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Inside this issue
Analysts: Car Sales to Keep Rising
N.A. Production Almost Back to Normal, But it's Not Business as Usual
Govs to Promote Auto Issues
How Engines Will Get Smaller, More Efficient
Consumers Want 4-Year Payback on Green Cars, Ford Says
Former NADA Director George Miller Dies at 66
Minivans: Less Uncool Again?
Click here for more auto industry news at NADAFrontPage.com. .
Top Stories
Analysts: Car Sales to Keep Rising

Slight economic growth, pent-up consumer demand drive forecast

Economists see a continued upswing for U.S. car and truck sales over the next several years, with some forecasts flirting with 17 million in annual sales — a figure not seen in more than a decade. U.S. vehicle sales in 2012 got off to a swift start, but several forecasters have revised — slightly downward — their estimates for the year as the economy has softened a bit. "I'm convinced we'll see 14 million units, and I'm convinced we'll get over that, but how far over that remains to be seen in this economy," said Paul Taylor, chief economist for the National Automobile Dealers Association.
Source: The Detroit News

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N.A. Production Almost Back to Normal, But it's Not Business as Usual

Vehicle production in North America is gradually returning to pre-recession levels, but suppliers won't be able to return to business as usual. Automakers are expected to produce 17.4 million vehicles in North America in 2016, up from a likely 14.3 million units this year, said Michael Robinet, a managing director of IHS Automotive Consulting, based in suburban Detroit. But automakers are producing more and more "world cars" in North America -- a trend that strongly favors big global suppliers, Robinet said.
Source: Automotive News

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Govs to Promote Auto Issues

4 states' bipartisan leaders unite; Snyder to discuss caucus today

A bipartisan group of four governors, including Michigan Gov. Rick Snyder, is forming an auto caucus to support policies aimed at boosting the U.S. auto industry. Snyder will unveil the National Governors Auto Caucus today, in a speech at the Center for Automotive Research's annual Management Briefing Seminars at Grand Traverse Resort.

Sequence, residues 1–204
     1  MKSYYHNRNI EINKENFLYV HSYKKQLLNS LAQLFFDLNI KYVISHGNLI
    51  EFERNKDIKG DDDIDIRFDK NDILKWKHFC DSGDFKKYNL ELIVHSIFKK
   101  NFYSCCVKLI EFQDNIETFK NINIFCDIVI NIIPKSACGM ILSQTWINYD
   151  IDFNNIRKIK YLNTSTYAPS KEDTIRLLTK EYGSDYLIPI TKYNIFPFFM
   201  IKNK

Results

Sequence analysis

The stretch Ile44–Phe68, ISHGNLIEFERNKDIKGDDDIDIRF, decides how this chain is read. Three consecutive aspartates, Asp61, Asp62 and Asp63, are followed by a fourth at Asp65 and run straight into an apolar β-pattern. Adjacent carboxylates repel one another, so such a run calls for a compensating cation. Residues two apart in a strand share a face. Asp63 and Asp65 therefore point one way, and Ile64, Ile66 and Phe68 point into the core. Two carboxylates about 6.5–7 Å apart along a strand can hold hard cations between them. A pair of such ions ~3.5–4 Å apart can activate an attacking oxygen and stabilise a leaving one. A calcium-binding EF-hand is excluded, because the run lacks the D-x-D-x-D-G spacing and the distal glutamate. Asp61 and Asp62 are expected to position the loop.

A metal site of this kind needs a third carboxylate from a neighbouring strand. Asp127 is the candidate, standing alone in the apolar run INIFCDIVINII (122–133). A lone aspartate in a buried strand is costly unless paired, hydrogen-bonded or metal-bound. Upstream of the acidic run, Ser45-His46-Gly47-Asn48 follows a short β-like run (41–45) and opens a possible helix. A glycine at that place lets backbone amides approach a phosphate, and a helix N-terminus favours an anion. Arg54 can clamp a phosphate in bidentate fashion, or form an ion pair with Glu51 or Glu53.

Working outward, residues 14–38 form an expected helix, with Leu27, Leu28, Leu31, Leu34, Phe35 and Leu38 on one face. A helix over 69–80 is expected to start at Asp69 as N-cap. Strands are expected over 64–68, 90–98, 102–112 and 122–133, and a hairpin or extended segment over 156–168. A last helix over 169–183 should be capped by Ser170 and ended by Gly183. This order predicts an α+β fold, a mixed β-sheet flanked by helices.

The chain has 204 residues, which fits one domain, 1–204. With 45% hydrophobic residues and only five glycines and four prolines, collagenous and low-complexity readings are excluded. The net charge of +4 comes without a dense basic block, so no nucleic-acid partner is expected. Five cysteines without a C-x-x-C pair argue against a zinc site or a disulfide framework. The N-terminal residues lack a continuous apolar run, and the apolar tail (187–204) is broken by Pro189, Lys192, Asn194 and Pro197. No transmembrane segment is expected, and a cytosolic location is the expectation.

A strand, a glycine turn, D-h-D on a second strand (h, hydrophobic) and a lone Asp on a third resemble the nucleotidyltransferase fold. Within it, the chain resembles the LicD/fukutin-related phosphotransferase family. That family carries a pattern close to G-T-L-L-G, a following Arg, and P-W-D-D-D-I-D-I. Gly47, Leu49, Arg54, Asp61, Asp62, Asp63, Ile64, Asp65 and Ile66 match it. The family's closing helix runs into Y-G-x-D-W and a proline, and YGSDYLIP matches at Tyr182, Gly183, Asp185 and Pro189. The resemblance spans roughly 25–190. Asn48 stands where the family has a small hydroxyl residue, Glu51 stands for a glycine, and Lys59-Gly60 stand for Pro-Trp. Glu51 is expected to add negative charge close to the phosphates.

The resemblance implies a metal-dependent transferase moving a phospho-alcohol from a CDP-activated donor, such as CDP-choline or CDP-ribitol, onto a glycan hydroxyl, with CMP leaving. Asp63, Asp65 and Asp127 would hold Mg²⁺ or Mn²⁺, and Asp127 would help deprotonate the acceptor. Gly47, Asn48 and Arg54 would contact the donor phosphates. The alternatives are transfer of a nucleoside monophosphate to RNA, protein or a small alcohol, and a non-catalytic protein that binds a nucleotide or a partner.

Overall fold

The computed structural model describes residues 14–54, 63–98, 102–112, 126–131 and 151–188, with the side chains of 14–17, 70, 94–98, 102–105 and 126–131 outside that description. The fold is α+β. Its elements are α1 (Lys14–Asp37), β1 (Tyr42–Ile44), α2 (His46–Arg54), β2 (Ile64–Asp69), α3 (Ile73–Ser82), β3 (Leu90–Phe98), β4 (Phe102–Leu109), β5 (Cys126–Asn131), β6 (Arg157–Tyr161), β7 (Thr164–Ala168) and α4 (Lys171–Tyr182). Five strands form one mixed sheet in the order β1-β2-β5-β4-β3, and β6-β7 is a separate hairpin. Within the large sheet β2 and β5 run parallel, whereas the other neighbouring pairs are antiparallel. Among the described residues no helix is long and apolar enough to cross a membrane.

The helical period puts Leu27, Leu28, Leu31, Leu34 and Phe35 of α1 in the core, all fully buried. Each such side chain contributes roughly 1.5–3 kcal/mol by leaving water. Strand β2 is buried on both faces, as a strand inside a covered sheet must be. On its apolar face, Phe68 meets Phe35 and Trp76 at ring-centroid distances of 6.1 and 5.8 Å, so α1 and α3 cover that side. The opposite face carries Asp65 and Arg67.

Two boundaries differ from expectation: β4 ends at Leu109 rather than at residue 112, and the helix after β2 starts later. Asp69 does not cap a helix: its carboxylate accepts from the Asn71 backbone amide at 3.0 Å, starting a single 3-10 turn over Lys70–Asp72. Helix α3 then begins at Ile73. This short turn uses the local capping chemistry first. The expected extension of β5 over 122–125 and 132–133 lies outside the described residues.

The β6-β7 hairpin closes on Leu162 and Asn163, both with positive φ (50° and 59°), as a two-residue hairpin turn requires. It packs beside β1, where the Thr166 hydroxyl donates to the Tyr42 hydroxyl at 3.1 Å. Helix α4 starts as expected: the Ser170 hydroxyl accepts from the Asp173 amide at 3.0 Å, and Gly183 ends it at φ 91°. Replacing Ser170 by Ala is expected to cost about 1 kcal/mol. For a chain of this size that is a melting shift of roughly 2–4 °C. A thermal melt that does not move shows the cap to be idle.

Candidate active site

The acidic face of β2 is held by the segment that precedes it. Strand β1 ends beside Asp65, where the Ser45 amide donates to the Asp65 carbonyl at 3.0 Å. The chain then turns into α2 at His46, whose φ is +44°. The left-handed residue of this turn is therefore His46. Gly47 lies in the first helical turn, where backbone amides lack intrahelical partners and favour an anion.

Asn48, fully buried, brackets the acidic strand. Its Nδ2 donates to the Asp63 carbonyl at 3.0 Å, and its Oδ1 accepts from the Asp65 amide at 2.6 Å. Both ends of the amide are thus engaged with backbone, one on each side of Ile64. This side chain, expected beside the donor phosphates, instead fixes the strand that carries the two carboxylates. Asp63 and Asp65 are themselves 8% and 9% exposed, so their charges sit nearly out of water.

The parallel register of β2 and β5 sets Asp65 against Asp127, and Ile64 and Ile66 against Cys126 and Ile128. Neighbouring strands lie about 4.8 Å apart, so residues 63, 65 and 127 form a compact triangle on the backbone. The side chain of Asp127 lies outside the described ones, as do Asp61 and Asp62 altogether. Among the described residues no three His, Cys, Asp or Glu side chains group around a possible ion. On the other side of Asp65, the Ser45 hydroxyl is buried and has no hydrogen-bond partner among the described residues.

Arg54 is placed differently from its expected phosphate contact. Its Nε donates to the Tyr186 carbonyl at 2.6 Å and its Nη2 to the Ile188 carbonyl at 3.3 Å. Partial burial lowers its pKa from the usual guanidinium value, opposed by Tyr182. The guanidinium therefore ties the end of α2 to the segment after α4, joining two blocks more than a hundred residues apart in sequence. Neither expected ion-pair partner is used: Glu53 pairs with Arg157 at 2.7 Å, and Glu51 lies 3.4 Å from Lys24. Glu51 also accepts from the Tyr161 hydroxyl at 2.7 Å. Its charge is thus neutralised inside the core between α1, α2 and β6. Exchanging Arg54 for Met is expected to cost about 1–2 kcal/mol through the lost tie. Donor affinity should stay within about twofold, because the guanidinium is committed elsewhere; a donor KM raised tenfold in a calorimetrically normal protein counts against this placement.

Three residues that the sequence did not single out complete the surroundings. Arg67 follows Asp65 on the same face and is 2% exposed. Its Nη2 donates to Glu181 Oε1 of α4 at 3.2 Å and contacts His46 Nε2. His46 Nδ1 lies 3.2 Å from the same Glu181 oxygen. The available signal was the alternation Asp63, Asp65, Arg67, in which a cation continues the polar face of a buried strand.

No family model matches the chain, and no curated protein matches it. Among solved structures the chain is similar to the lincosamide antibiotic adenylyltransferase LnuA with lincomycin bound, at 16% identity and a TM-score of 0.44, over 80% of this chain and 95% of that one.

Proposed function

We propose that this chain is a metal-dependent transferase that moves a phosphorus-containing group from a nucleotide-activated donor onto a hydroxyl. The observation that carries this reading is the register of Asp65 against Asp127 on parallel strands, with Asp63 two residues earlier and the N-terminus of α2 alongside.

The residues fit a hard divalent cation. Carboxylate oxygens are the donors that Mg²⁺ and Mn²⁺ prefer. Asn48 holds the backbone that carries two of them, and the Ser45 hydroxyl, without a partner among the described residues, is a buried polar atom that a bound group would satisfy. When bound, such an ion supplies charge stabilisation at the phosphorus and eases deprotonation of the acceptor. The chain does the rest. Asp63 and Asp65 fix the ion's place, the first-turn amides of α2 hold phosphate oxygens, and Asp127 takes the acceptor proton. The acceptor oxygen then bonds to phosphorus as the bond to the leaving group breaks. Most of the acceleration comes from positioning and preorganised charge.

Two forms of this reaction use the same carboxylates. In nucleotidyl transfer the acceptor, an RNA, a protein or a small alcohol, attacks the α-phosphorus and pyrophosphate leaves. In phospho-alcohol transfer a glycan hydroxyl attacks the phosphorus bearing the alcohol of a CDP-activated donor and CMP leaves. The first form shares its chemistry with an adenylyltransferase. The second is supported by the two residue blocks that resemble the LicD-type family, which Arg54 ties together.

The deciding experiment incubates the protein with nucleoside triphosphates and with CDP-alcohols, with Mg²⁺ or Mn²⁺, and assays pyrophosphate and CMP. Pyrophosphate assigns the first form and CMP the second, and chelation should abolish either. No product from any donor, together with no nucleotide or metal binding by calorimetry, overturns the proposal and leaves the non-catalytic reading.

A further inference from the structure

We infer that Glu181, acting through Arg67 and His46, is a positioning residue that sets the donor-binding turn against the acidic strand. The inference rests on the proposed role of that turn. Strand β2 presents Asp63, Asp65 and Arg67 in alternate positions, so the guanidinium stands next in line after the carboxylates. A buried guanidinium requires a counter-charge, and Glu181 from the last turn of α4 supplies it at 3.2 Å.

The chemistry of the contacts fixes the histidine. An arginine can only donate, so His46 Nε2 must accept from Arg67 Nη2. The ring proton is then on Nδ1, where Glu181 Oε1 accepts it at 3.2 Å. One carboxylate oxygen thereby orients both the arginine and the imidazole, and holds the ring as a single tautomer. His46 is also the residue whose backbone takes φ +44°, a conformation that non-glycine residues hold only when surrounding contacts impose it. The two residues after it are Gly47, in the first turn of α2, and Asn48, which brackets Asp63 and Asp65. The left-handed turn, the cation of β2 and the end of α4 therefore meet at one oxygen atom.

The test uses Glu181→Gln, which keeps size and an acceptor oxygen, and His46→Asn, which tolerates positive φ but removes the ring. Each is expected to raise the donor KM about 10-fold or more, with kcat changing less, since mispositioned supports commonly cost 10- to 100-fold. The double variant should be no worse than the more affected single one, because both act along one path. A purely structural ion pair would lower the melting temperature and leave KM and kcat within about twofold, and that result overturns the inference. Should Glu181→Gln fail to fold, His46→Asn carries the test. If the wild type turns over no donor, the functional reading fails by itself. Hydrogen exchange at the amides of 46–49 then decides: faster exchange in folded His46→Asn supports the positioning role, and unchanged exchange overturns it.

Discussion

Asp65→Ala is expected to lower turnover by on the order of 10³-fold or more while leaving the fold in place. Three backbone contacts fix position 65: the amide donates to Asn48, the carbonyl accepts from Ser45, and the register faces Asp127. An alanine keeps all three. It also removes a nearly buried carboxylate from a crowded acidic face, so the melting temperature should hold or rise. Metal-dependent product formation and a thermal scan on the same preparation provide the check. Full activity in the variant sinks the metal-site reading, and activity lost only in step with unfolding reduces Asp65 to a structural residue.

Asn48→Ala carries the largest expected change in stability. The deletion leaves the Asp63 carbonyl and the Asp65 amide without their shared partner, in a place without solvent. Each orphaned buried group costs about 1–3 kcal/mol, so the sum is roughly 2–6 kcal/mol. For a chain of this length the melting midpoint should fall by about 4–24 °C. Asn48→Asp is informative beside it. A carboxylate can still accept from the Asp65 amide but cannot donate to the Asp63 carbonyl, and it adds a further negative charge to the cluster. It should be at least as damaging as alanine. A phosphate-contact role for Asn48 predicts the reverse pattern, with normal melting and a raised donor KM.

Source: The Detroit News

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How Engines Will Get Smaller, More Efficient

Automakers say they will squeeze much more efficiency from the internal combustion engine. For instance, they will use excess heat to warm engine lubricants more quickly to reduce friction. Better transmissions will reduce friction, and turbocharging and direct injection will boost power from small engines.
Source: Automotive News

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Consumers Want 4-Year Payback on Green Cars, Ford Says

About 1 in 4 car buyers is willing to pay extra for a fuel-efficient powertrain if the investment can be recouped in four years or less, a senior Ford executive said. That discovery, backed by consumer research, has helped Ford develop a useful blueprint for rolling out electric vehicles, plug-in hybrids and other fuel-efficient powertrains, said Joe Bakaj, Ford Motor Co.'s vice president of powertrain engineering.
Source: Automotive News

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Former NADA Director George Miller Dies at 66

George Lawrence Miller, 66, of Winchester, Va., died Sunday, Aug. 5, 2012. He was the president and CEO of Miller Auto Group serving for 48 years. He began with a motorcycle and automobile franchise in 1964. Mr. Miller was the National Automobile Dealers Association director for West Virginia for 15 years, treasurer from 1997 to 1999; NADA Finance Committee member for four years; NADA Used Car Guide Committee member for six years and served as a member on NADA Government Relations, Convention, Membership, Dealer Operations and Industry Relations Committees. Memorial contributions may be made to Blue Ridge Hospice, 333 W. Cork St., Suite 405, Winchester, VA 22601 or NADA Charitable Foundation, 8400 Westpark Drive, McLean, VA 22012.
Source: The Journal (Martinsburg, W.V.)

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Minivans: Less Uncool Again?

It may not be the fastest vehicle on the road or offer the latest in high-tech design but the humble family hauler is becoming cool again. "You have had a lot of high-mileage minivans out on the road, and now as those shoppers look around they find that minivans still have a lot of appeal to their active family life," said Paul Taylor, chief economist of the National Automobile Dealers Association. The suburban stigma is also fading, he says. "People are less sensitive about driving minivans and the minivans of today are better looking than they were 10 years ago," Mr. Taylor said.
Source: The Wall Street Journal

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Quotable
"I'm convinced we'll see 14 million units, and I'm convinced we'll get over that, but how far over that remains to be seen in this economy."

   
-- Paul Taylor, NADA chief economist, referring to sales predictions for 2012, The Detroit News, Aug. 8


 




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